Amazon announced 18 new wind and solar energy projects in Germany, Finland, the UK, Italy, Spain, and the US in December. Together with other projects, these will achieve a total capacity of 5.6 gigawatts (GW) by the end of 2021.
Amazon now has 274 renewable energy projects worldwide and is on track to have 100 percent renewable energy in all operations by 2025.
A study by the global research company 451 Research recently revealed what contribution the cloud in general and AWS, in particular, can make to this: Companies in Europe can reduce their energy consumption by almost 80 percent by running applications in the AWS cloud instead of their own data centers to operate.
The report also shows that migrating workloads to the AWS Cloud within Europe would reduce greenhouse gas emissions — on a scale equivalent to that of millions of households.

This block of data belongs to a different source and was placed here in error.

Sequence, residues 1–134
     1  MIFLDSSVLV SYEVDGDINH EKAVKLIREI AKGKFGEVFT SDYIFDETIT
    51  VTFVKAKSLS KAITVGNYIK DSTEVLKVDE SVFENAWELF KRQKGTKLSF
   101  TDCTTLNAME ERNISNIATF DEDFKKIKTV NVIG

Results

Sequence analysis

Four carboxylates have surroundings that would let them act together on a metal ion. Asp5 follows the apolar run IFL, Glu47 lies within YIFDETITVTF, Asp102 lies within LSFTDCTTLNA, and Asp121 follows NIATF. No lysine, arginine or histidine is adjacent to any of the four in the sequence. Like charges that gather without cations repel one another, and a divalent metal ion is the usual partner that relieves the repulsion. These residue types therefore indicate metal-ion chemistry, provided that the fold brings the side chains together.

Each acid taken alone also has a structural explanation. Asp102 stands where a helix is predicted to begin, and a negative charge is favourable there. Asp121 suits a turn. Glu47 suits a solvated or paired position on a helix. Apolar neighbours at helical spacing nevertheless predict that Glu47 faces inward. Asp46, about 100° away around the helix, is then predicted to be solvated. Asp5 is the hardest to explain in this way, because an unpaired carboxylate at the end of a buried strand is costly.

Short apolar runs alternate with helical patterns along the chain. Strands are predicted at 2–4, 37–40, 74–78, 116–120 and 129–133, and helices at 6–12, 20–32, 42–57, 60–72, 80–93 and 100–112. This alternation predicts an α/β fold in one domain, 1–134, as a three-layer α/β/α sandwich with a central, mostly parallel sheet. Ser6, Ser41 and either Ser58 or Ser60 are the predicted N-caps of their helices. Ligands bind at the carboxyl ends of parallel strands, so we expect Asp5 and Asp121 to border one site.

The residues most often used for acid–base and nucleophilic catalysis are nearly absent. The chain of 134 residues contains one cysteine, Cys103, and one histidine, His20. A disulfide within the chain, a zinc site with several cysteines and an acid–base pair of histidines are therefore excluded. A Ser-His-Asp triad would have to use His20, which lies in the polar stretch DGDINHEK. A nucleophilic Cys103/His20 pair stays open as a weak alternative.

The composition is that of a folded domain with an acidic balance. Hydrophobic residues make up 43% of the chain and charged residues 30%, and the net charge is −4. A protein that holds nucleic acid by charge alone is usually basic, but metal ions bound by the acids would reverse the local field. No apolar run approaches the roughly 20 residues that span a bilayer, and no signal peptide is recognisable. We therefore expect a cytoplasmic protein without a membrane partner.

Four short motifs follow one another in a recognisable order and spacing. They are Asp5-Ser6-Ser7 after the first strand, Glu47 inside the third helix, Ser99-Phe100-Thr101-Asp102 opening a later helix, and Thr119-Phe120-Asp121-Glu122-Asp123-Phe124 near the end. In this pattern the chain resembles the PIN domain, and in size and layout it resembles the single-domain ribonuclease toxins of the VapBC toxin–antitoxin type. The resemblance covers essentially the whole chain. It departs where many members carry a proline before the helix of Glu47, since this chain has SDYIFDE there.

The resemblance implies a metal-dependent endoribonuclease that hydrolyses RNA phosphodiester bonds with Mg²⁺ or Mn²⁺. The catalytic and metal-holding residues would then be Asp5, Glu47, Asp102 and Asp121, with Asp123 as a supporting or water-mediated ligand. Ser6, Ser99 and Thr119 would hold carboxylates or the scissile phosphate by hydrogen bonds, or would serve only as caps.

With re:Invent 2021, Amazon Web Services (AWS) marked the end of a successful year. The new products and services presented are very promising, especially with a view to the resulting added value for companies in a global context.
With the two initiatives around machine learning, AWS is developing a holistic ecosystem and making it clear once again which key role and which potential lies in the future of ML.
I am curious to see how CEO Adam Selipsky will organize the company in the next year and continue to write the success story of the cloud giant. All in all, it will be an exciting 2022.
For more information on AWS re:Invent 2021, including graphics, videos, and keynote recordings, please click here.